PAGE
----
John Edwards, a leading scholar of English and Spanish history, is the first to make full use of Continental archives in this context, especially Spanish ones, to demonstrate how Mary's culture, Catholic faith, and politics were thoroughly Spanish. Edwards begins with Mary's origins, follows her as she battles her increasingly erratic father, and focuses particular attention on her notorious religious policies, some of which went horribly wrong from her point of view. The book concludes with a consideration of Mary's five-year reign and the frustrations that plagued her final years. Childless, ill, deserted by her husband, Mary died in the full knowledge that her Protestant half-sister Elizabeth would undo her religious work and, without acknowledging her sister, would reap the benefits of Mary's achievements in government.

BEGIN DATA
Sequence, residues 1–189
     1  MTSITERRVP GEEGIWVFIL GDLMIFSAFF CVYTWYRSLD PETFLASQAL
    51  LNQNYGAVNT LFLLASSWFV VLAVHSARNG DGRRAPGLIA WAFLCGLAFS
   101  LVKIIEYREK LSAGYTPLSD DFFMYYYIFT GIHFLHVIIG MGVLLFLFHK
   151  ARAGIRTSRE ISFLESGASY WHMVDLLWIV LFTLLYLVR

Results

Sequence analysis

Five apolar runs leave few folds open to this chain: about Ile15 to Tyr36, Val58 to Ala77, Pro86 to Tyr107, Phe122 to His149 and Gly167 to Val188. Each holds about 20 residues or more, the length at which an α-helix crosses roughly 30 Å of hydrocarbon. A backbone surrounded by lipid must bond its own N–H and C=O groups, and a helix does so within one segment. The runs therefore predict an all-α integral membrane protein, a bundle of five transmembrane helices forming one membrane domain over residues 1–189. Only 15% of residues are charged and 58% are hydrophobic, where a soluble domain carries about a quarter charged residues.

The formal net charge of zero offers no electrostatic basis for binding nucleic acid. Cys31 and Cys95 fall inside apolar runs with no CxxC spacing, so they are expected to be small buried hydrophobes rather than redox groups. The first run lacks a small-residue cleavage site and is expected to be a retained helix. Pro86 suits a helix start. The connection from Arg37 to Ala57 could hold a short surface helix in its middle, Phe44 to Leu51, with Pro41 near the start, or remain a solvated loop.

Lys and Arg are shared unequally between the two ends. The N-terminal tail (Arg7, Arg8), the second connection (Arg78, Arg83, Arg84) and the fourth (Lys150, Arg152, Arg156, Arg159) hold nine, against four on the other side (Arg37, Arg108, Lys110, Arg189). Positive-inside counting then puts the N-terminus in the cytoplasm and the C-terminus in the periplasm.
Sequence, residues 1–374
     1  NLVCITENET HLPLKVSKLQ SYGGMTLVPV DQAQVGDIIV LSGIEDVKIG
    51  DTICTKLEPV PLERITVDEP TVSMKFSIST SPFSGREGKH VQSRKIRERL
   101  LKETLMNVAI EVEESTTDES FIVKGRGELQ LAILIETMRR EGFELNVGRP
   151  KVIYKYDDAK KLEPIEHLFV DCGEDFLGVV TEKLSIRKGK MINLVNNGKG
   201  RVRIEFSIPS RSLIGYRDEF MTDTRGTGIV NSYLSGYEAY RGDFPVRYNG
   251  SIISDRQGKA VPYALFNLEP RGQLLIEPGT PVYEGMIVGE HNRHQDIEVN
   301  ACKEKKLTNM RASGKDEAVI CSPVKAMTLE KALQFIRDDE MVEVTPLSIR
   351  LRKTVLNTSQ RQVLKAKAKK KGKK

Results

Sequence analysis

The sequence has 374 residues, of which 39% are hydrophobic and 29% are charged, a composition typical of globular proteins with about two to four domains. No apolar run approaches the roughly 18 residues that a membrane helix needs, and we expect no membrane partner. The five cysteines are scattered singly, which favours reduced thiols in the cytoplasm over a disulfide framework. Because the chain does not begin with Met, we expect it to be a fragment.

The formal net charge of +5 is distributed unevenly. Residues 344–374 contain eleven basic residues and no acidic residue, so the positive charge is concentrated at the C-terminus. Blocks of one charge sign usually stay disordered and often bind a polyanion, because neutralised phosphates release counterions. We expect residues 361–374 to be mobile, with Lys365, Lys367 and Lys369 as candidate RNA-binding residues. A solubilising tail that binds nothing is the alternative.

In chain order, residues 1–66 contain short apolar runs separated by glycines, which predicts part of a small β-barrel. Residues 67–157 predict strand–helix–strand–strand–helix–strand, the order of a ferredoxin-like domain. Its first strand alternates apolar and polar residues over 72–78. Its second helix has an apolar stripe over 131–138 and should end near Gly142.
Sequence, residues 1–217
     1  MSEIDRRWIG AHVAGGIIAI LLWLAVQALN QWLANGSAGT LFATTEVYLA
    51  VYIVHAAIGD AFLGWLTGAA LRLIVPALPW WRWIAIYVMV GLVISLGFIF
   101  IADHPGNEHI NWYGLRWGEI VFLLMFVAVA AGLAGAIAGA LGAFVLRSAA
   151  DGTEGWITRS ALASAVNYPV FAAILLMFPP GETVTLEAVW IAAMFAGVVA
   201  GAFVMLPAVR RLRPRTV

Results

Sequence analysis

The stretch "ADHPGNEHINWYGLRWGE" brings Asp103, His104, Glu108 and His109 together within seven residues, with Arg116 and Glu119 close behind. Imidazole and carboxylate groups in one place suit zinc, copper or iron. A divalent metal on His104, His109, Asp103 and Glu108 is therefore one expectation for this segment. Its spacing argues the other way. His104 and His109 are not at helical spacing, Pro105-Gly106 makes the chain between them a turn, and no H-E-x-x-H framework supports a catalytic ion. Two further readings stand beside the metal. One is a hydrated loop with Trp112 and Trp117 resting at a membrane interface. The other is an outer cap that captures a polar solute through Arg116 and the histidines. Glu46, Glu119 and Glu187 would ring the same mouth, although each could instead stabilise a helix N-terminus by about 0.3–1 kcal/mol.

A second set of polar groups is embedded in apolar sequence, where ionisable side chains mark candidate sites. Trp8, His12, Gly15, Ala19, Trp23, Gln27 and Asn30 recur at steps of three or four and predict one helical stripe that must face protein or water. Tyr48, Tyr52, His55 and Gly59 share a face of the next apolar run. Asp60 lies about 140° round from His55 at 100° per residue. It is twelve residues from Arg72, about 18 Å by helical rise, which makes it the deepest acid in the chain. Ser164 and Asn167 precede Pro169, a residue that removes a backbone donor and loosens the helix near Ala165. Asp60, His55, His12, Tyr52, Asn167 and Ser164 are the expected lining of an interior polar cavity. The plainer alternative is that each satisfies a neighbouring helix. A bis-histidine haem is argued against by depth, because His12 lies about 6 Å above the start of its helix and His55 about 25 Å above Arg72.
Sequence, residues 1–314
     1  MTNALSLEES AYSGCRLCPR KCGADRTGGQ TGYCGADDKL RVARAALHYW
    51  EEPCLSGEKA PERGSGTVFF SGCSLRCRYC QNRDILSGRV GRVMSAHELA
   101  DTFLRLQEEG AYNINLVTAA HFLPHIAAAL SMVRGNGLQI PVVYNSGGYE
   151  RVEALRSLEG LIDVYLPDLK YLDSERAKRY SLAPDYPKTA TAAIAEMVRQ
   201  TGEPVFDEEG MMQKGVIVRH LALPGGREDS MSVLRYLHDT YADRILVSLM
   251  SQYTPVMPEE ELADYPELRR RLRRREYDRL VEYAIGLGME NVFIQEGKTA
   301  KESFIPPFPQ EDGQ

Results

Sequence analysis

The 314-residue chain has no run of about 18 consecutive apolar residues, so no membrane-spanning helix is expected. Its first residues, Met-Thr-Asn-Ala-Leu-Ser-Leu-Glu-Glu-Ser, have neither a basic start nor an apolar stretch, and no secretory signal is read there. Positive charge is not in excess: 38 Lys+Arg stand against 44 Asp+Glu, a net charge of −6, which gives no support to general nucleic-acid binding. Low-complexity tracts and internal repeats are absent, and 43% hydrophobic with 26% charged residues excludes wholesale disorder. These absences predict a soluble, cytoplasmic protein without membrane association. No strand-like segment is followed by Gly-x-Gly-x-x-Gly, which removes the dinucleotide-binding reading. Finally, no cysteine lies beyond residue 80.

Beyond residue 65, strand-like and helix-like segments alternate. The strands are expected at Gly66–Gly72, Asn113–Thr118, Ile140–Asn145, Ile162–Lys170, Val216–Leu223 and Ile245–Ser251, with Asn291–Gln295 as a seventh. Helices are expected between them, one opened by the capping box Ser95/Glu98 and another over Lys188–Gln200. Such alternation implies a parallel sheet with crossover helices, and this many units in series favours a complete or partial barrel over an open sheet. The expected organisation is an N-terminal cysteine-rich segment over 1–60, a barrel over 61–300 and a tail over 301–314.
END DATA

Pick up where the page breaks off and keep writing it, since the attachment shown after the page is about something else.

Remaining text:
An updated edition of Ben Pimlott's classic biography of the Queen: 'There is no better biography of Elizabeth II.' PETER HENNESSY, Independent on Sunday The royal family have been through a tumultuous decade, but with the wedding of Prince William to Kate Middleton, Prince Philip's 90th birthday and the forthcoming Diamond Jubilee celebrations, there is renewed interest and appreciation of our monarchy. The Queen is an in-depth look at the woman at the centre of it all and is the only biography to take Elizabeth II seriously as the subject of historical biography, or to examine the influences that formed her and the ideas she represents. Ben Pimlott (described by Andrew Marr in the Independent as 'the best writer of political biography now writing') treats the Head of State to the rigorous and objective scrutiny he applied to major political personalities, using a wide range of sources, including interviews, diaries and letters, and papers in the Royal Archives. The Queen looks at the social, political and psychological aspects of his subject in detail, as well as at the changing role of Monarchy in the British Constitution. In the process, the book displays all the author's formidable analytic and narrative skills, and provides a gripping yet sensitive account of one of the most publicised - yet least known - figures of our time. It is vital reading for all those who care about public life in Britain - past, present and to come.